The Wraith was shot entirely in and around Tucson, Arizona; shots of the hilly road leading into the fictional "Brooks, AZ" were filmed on Freeman Road on the city's southeast side. Keri's (Sherilyn Fenn) home is located at 2128 East 5th Street.

Sheriff Loomis goes to talk to Skank and Gutterboy at the Davis-Monthan Air Force Base, at the airplane graveyard where they both work. The film's swimming hole is located in Sabino Canyon, off North Upper Sabino Canyon Road. The curvy mountain road where Packard and his gang challenge other cars to deadly races is the General Hitchcock/Catalina/Mount Lemmon Highway that winds through natural stone monoliths north of the city. Skank and Gutterboy chase after Jamie and Keri down North 4th Avenue at East 7th Street. The portion of the chase that leads into a tunnel is the since-redone tunnel on North 4th Avenue, where it crosses under railroad tracks; Jake and Keri are seen riding down the road through Sabino Canyon Recreation Area (near Sabino Lake Dam) northeast of Tucson.

Bruce Ingram, a camera operator, died during the filming of one of the car chases; another crew member was seriously injured.[3]

Turbo Interceptor Edit

The Dodge M4S Turbo Interceptor used in the film was originally a pace car built by Chrysler Corporation and PPG Industries. Six copies were made for use in the film: two stunt cars made from molds of the original car and four non-drivable "dummies" that were destroyed during filming. During production, the real Dodge Turbo Interceptor was used in close-ups. That original was located at the Walter P. Chrysler Museum in Auburn Hills, MI until 2016, when the museum closed permanently.[4]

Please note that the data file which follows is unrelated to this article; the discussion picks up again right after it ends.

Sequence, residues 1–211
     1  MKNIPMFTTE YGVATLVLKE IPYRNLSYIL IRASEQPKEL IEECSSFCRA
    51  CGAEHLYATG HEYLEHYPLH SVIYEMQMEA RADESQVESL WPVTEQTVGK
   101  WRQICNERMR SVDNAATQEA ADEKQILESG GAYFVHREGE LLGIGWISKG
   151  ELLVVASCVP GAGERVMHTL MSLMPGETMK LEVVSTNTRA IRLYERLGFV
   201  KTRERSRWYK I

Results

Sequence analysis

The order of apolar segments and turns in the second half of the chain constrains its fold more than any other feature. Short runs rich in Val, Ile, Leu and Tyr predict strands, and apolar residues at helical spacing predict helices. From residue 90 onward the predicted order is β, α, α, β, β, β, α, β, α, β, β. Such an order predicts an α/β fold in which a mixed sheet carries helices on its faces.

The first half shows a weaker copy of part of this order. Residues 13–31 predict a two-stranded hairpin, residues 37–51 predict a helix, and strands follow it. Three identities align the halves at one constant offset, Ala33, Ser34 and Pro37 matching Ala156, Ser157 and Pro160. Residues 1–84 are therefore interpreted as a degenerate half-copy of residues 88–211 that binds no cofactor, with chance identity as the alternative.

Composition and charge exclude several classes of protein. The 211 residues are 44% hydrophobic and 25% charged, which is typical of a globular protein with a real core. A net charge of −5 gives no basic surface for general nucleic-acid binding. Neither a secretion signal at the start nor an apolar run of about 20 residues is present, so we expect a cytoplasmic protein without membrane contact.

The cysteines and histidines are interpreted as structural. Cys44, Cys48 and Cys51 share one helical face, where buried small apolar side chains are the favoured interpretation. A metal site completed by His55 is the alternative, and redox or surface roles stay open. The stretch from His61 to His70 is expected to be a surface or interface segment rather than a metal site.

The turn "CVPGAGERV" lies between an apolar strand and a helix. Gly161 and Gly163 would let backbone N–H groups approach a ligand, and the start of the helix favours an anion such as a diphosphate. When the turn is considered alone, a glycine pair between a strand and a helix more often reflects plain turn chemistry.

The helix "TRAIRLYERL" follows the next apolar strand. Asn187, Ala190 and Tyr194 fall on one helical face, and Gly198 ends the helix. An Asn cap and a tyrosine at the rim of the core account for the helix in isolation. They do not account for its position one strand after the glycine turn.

Soundtrack Edit

 
Original motion picture soundtrack on vinyl

The music score was composed and performed by Michael Hoenig and J. Peter Robinson, two famous synth composers of film and TV series Soundtracks. The soundtrack LP was recorded by Rick Hart and entirely played on a NED Synclavier II.

Many famous 1980s rock music hits are included on the film's soundtrack:

Release Edit

The Wraith was released in the United States on November 21, 1986. In the Philippines, the film was released as Black Moon Rising: Part-2 on April 29, 1987, connecting it to the unrelated film Black Moon Rising starring Tommy Lee Jones.[5] In Germany, it was released on June 11, 1987, under the title "Interceptor - Phantom der Ewigkeit" (Interceptor - Phantom of Eternity).[6][circular reference]

Critical response Edit

The Wraith received mixed reviews from critics. Film historian and critic Leonard Maltin dismissed the film as "... for those who favor fast cars and lots of noise."[7] In the Time Out review, editor John Pym saw The Wraith having "comic-strip killer car thieves" with "...the best joke having one of the thugs knowing the word 'wraith.'"[8]

The Wraith holds a 36% rating on Rotten Tomatoes based on fourteen reviews.[9]

Home video Edit

In 1987 the film was released to VHS video by Lightning Video, then on LaserDisc by Image Entertainment; it was then released in 2003 on DVD by Platinum Disc Corporation (now Echo Bridge Home Entertainment). In spite of having no special features and only being available in the pan-and-scan format, there is footage retained that was missing on the original VHS and LaserDisc releases. Lionsgate released a widescreen Special Edition DVD on March 2, 2010, which included the previously missing footage.[10]

See also Edit

References Edit

Notes Edit

  1. ^ This tagline is an in-joke referring to both Jake Kesey's outsider status and the suspected origins of the Wraith.
  2. ^ "Alliance feature film credits". Variety. July 18, 1990. pp. 58–59.
  3. ^ a b "After All These Years ... Mike Marvin Talks The Wraith." Dread Central, March 17, 2010.
  4. ^ "Dodge M4S (Dodge PPG Turbo Interceptor; 1981, 1984)." allpar.com. Retrieved: January 12, 2015.
  5. ^ "Opens Today". The Manila Standard. April 29, 1987. p. 7.
  6. ^ "Interceptor (Film)".
  7. ^ Maltin 2009, p. 1567.
  8. ^ Pym 2004, p. 1338.
  9. ^ "The Wraith - Rotten Tomatoes". Rotten Tomatoes.
  10. ^ "The Wraith Roars Back to DVD Courtesy of Lionsgate!" Dread Central, December 8, 2009. Retrieved: January 12, 2015.

Bibliography Edit

  • Maltin, Leonard. Leonard Maltin's Movie Guide 2009. New York: New American Library, 2009 (originally published as TV Movies, then Leonard Maltin’s Movie & Video Guide), First edition 1969, published annually since 1988. ISBN 978-0-451-22468-2.
  • Pym, John, ed. "The Wraith." Time Out Film Guide. London: Time Out Guides Limited, 2004. ISBN 978-0-14101-354-1.

External links Edit